GRANT: This video clip gives us a great example to compare the body shape of different age bucks. Notice the buck on the right in that his neck merges with his chest well above his brisket. While the buck on the left has a much fuller neck – same day, same food, same weather conditions – but his neck merges with his chest much closer to his brisket. I estimate the buck on the right to be 2.5, even though he has a great set of antlers; the buck on the left to be 3.5.
GRANT: Another indicator of a buck’s age is how far the stain on the tarsal gland extends down their leg. Notice the buck on the right has a darkly stained tarsal gland, but it doesn’t drip or extend far down its lower leg. Where the buck on the left, the stain drips down a couple of inches below the big puff of hair on the tarsal gland.
GRANT: Usually, the more dominant the buck, the longer that stain on the tarsal gland will be. And subordinate bucks will try to lick that stain off as they don’t want that scent causing a fight when the big buck’s around.
GRANT: The Quality Deer Management Association has done a great job of summarizing the most recent research about tarsal glands and you can check it out at this website.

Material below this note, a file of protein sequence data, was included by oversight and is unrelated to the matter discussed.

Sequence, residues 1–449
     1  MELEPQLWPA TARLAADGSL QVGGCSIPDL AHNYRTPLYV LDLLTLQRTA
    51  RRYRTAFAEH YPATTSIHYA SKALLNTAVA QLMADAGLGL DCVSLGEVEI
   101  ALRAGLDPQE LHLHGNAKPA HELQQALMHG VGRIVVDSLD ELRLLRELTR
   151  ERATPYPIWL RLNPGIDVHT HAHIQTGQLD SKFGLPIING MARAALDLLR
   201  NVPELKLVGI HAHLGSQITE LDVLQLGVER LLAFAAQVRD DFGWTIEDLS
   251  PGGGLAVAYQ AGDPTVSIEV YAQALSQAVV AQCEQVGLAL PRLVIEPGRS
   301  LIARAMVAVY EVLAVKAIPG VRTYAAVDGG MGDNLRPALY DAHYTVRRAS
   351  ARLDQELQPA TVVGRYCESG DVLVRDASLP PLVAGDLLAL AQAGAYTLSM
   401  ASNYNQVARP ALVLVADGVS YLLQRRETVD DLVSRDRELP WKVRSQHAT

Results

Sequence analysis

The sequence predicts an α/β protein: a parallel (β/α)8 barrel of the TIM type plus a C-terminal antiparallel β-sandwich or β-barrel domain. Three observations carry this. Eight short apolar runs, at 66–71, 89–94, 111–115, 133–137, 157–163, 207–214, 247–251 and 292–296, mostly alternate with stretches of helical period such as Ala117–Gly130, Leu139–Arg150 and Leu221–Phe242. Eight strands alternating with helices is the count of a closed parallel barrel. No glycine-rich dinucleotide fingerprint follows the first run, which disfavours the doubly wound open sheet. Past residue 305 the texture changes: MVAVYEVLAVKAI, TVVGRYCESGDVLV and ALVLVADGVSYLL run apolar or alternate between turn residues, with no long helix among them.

GRANT: The third buck finally gets in to the action and works the overhanging limb. The excitement isn't over as it appears a doe, probably a young doe, returns from the bedding area and uses the Four65, while a button buck – and you’ll have to look close to see his buttons – moves back into the overhanging limb. We’ve now had does, three bucks, and a button buck use the same scrape within a matter of a couple of hours.
GRANT: As this doe hangs around the Four65 station, you’ll notice she’s frequently looking back and then the camera picks up a grunt from the distance.
GRANT: I have this UltraFire unit set to take 20 second video clips. And in the next clip, you see a buck – probably the buck we heard grunting – enter the frame.